Cline said he supports projects that bring down energy prices for families.
“I'm a supporter of American energy independence so I'm an 'all of the above' energy policy guy,” he said.
He said he’s a strong supporter of private property rights and would consider legislation at the federal level that would guarantee that eminent domain would only be used if it would be necessary for the government to provide an essential service.
He said the pipeline projects need to be completed safely and believes that there should be more public input in the federal agency approval process.
Evaluating Rep. Bob Goodlatte
Cline praised Goodlatte's service and how he responded to constituents. He said, with his time in the General Assembly, he has more experience than Goodlatte did when the representative first took office in 1993.
Lewis said if elected, her time in office would be a change from Goodlatte’s.
"Overall I'm very disappointed in Congressman Bob Goodlatte," she said.
She said she will do a better job of talking with constituents.
Both candidates agree that there should be many improvements to Interstate 81, including an increase in the distance of on and off ramps and getting more tractor-trailers off the road by putting their cargo on rail.
Lewis breaks from Cline’s view on the prospect of adding a third lane. She does not believe all of Interstate 81 should be widened to three lanes because she worries about the government using eminent domain to take people's property against their will.
She doesn't think the studies prove that widening the interstate to three lanes will bring enough of a benefit to warrant taking people's land.
“I really hesitate to talk about widening the entire I-81 because then we get into eminent domain and private property rights, which is a huge issue and a big passion of mine,” she said.
Lewis believes that if elected she can secure federal funding to help increase safety, but she also believes safe driving is an issue of personal responsibility.
Cline said he's been fighting for improvements on Interstate 81 since he took statewide office and is proud that a third lane was added in the Rockbridge area.
He believes that, along with widening I-81, it needs interchange improvements and more officers and troopers patrolling.
“We need to fix that and address those bottlenecks and those problems on 81. I'm best positioned to do that,” he said.
Cline is eyeing the six-year highway transportation bill that’s coming up for renewal in Congress next year and said Virginia needs to make sure that the proposal includes funding for I-81.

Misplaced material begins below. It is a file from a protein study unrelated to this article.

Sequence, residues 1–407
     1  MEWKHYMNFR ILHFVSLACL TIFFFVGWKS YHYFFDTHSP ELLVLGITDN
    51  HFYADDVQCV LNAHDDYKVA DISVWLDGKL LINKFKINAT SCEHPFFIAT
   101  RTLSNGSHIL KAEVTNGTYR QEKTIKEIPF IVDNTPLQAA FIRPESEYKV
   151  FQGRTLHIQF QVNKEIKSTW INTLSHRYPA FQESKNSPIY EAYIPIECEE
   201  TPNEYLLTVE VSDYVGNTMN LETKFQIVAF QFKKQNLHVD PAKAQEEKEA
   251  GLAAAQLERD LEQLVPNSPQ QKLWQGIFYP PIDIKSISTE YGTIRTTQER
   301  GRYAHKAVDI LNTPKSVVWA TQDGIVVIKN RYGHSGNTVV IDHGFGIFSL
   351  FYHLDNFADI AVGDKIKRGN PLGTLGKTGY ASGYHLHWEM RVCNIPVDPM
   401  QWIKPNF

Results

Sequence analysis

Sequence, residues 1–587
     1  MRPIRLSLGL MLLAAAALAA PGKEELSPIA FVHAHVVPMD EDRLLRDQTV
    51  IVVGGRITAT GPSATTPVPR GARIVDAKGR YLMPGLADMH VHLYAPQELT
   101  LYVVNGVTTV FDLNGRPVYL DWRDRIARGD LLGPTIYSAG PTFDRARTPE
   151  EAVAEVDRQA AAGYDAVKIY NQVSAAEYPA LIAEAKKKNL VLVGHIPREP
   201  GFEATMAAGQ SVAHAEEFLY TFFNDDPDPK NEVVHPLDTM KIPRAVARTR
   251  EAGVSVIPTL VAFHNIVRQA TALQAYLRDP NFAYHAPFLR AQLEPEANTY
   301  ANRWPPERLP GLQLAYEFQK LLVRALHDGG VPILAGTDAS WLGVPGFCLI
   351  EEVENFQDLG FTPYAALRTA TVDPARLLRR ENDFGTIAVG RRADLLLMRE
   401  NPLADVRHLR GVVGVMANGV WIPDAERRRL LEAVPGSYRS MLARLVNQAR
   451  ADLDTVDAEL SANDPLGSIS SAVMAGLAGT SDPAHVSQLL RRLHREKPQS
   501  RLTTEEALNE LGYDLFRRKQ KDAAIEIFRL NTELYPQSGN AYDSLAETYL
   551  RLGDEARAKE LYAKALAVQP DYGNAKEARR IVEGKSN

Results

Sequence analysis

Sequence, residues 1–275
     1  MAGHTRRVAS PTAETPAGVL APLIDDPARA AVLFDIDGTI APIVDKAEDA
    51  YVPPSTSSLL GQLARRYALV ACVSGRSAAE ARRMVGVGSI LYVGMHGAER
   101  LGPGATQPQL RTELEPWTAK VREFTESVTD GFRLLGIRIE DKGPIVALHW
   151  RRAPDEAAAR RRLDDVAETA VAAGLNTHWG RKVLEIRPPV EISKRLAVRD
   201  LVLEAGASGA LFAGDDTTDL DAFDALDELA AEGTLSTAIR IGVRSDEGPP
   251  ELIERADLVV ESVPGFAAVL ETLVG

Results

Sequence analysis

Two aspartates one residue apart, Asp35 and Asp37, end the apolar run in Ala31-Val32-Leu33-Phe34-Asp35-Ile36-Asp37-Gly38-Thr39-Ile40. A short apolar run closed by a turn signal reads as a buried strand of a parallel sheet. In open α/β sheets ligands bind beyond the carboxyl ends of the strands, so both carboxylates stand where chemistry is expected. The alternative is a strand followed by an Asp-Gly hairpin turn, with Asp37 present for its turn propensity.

Both candidates believe there’s more work to be done to fight against the opioid addiction crisis. Cline points to oversight of prescriptions and Lewis is asking for drug companies to shoulder some of the blame.
Cline said that during his time in the Virginia General Assembly the Commonwealth has tried to address the issue through looking at how prescriptions are issued and the number of pills that can be prescribed at one time. He would encourage more action from Congress.
“We see legislation moving in a similar vein at the federal level to tackle interstate trafficking of opioids and I would encourage additional measures at the federal level to tackle this growing problem.” he said.
Lewis believes pharmaceutical companies have been over prescribing medication and the money in politics from special interests and corporations is one reason why they haven’t been held accountable.
“I think that that's a big reason why we have the opioid crisis right now -- the influence and the power that the pharmaceutical companies have on our elected officials currently,” she said.
Cline blames the problems in America’s health care system on the Affordable Care Act while Lewis believes so-called Obamacare was the start of a good strategy for the country. She favors so-called Medicare For All proposals while Cline criticizes them.
Lewis believes all Americans should have access to health insurance. She supports proposals to give all Americans access to Medicare and believes that would help provide treatment for those suffering from an addiction to opioids and would help solve many other health care problems.
Cline said America's health care system is broken. He said the Affordable Care Act led to fewer choices, higher prices and meant fewer people were covered.
He said the expansion of Medicaid has put a squeeze on the budget and could cause taxes to increase.